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Is a soft drinks tax too bitter a pill to swallow?

Soft drinks excerpts

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Renewed calls for a soft drinks tax have drawn criticism from the Australian Beverages Council, but in Singapore authorities and economists are taking a more rational approach to the reality of increasing rates of obesity and diabetes.

 

According to our Beverages Council, the idea of taxing soft drinks has a 'fatal flaw'.

 

Writing in 'The Australian' newspaper, Chief Executive Geoff Parker says dietary behaviour cannot be predicted or controlled by a 'blunt economic instrument like a tax' and where implemented, these taxes have been unsuccessful.

 

According to Mr Parker, health advocates are spending 'millions of dollars of public funds campaigning for a tax on sugar sweetened beverages (SSBs). "It is not right that so much money, which may be better used to treat chronic diseases, is being recklessly spent on an unpopular, lightweight strategy that has been ruled out by both major parties," he says.

 

Diabetes Queensland (a charity whose advocacy efforts are funded by members and donors) supports the Obesity Policy Coalition, the health advocacy campaign that has drawn the ire of Mr Parker and his Council.

 

But the proposals of the OPC and Diabetes Queensland do not begin and end with a soft drinks tax and it is wrong of Mr Parker to say so.

 

The problems caused by obesity and the consequences for Australian health care and the tax system that funds it are increasing at a rapid rate.

 

Just this week, an international report forecast the cost of caring for obesity-related health conditions in Australia will increase from $12 billion in 2014 to $21 billion by 2025.

 

That is why we call on our Governments to greatly increase their efforts and to confront the problem using an eight-point action plan, of which the soft drinks tax is just one integral part.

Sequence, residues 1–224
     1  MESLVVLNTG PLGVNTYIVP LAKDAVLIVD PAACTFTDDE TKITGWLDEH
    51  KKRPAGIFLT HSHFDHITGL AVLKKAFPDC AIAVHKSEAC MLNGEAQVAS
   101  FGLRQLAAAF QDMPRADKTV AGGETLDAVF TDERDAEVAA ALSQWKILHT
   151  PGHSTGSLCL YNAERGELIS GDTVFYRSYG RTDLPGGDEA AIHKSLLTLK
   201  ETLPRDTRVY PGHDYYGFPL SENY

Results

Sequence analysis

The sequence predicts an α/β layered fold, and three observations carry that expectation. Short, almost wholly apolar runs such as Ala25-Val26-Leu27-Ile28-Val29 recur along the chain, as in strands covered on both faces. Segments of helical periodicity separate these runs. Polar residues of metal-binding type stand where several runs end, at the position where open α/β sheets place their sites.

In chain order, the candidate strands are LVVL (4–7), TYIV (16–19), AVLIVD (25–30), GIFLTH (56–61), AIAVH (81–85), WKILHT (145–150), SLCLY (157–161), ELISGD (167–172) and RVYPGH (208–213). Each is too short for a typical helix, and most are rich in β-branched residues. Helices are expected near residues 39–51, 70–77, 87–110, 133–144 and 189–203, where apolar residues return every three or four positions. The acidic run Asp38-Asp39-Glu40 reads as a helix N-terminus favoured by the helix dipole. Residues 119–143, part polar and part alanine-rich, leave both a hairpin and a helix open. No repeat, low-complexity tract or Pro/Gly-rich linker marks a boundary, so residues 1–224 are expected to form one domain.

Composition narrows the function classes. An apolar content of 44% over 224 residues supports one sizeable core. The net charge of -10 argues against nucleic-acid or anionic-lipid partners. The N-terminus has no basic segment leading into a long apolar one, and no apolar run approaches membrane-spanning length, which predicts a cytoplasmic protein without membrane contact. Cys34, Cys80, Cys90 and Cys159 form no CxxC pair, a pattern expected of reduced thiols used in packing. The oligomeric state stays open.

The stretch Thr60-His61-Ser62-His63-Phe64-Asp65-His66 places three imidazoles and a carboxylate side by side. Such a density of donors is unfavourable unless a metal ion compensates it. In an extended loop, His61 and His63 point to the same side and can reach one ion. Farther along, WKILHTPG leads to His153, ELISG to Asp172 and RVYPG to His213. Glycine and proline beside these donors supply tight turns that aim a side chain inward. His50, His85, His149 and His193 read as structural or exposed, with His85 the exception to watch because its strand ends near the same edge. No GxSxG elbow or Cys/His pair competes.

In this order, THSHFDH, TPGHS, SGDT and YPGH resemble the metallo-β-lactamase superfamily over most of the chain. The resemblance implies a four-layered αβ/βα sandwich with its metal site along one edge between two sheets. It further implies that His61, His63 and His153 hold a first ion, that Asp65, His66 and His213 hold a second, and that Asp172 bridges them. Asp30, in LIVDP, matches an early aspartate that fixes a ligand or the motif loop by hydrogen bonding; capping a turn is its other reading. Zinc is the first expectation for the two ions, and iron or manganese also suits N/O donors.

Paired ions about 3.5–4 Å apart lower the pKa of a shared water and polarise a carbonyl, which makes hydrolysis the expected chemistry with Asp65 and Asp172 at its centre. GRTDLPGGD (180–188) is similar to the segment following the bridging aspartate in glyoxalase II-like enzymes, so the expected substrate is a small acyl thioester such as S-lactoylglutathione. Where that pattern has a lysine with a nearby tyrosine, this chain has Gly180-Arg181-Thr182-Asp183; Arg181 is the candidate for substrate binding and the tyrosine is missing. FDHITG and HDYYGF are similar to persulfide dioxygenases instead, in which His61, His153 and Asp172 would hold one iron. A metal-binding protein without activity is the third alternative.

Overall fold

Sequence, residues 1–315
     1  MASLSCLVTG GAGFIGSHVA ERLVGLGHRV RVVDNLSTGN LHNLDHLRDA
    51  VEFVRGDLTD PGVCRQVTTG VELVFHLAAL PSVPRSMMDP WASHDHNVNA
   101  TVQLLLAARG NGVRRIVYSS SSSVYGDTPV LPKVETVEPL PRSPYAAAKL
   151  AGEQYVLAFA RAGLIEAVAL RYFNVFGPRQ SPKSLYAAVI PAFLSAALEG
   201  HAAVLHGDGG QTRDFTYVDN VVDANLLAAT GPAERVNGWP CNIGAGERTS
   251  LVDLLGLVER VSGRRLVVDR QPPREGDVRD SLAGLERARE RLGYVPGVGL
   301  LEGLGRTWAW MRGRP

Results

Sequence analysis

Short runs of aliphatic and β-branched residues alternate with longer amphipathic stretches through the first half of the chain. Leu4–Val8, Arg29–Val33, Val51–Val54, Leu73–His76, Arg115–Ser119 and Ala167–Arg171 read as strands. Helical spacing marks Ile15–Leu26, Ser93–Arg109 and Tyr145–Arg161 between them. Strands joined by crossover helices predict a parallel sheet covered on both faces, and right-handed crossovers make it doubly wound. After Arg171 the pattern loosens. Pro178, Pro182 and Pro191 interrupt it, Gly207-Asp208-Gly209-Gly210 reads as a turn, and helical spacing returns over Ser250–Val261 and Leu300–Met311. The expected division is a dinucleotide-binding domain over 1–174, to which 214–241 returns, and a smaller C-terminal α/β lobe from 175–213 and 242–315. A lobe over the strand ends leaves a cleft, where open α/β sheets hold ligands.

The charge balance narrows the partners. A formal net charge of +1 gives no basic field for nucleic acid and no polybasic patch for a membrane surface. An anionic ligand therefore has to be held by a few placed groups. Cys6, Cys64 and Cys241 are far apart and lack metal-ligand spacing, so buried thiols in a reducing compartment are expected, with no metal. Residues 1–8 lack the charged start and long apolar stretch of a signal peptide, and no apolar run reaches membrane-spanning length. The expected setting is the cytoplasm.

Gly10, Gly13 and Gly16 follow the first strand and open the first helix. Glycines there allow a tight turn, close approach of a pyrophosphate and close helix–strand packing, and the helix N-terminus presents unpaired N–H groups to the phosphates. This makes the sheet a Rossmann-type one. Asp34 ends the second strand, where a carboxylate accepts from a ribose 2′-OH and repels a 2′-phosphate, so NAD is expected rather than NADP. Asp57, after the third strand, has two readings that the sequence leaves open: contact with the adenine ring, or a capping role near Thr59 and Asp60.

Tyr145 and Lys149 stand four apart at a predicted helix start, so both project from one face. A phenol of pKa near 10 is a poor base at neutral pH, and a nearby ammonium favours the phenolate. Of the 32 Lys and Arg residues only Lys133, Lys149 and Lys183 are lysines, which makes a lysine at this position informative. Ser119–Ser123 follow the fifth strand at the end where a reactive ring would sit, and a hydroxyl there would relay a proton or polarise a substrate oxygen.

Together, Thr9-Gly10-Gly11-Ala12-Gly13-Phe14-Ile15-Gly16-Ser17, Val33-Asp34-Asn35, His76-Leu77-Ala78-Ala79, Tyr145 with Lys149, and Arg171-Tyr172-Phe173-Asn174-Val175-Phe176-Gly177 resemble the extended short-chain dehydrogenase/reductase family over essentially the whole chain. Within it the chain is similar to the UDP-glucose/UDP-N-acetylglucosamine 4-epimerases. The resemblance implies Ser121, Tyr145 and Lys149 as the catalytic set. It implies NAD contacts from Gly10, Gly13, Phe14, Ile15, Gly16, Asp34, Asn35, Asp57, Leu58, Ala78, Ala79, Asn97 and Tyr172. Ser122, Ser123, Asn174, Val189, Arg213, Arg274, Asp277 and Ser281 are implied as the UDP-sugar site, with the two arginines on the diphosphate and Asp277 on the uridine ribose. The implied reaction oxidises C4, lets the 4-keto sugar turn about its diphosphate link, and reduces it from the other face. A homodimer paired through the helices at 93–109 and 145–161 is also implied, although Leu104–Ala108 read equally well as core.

Tipping the scale

 

Meanwhile, the president of the Economic Society of Singapore, Professor Euston Quah - writing in The Straits Times - has offered a well-considered view, examining the benefits and the hidden hurdles of a soft drinks tax and how it might apply in his country.

 

"In the fight against diabetes, Singapore can consider a tax on sugar. But it has to be well thought through first to avoid over-burdening low-income households," says Prof. Quah, also the head of economics at Nanyang Technological University (NTU).

 

"Some people might say that when it comes to food choices, they should have complete freedom in making those choices as they are solely responsible for the health cost that they would incur."

 

"However, the cost goes beyond personal choices." Read excerpts from the opinion piece

 

In Australia, those of us proposing comprehensive co-ordinated action against obesity don't see taxing soft drinks as a 'soft target'.

 

More studies have been published about the impact of sugar-sweetened beverages on our health than we care to list here.

 

A great body of research commends our advocacy for a soft drinks tax as part of an effective suite of measures to change the behaviour of both consumers and manufacturers and to help our country break free of a mindset that has beleaguered Australians for decades. 

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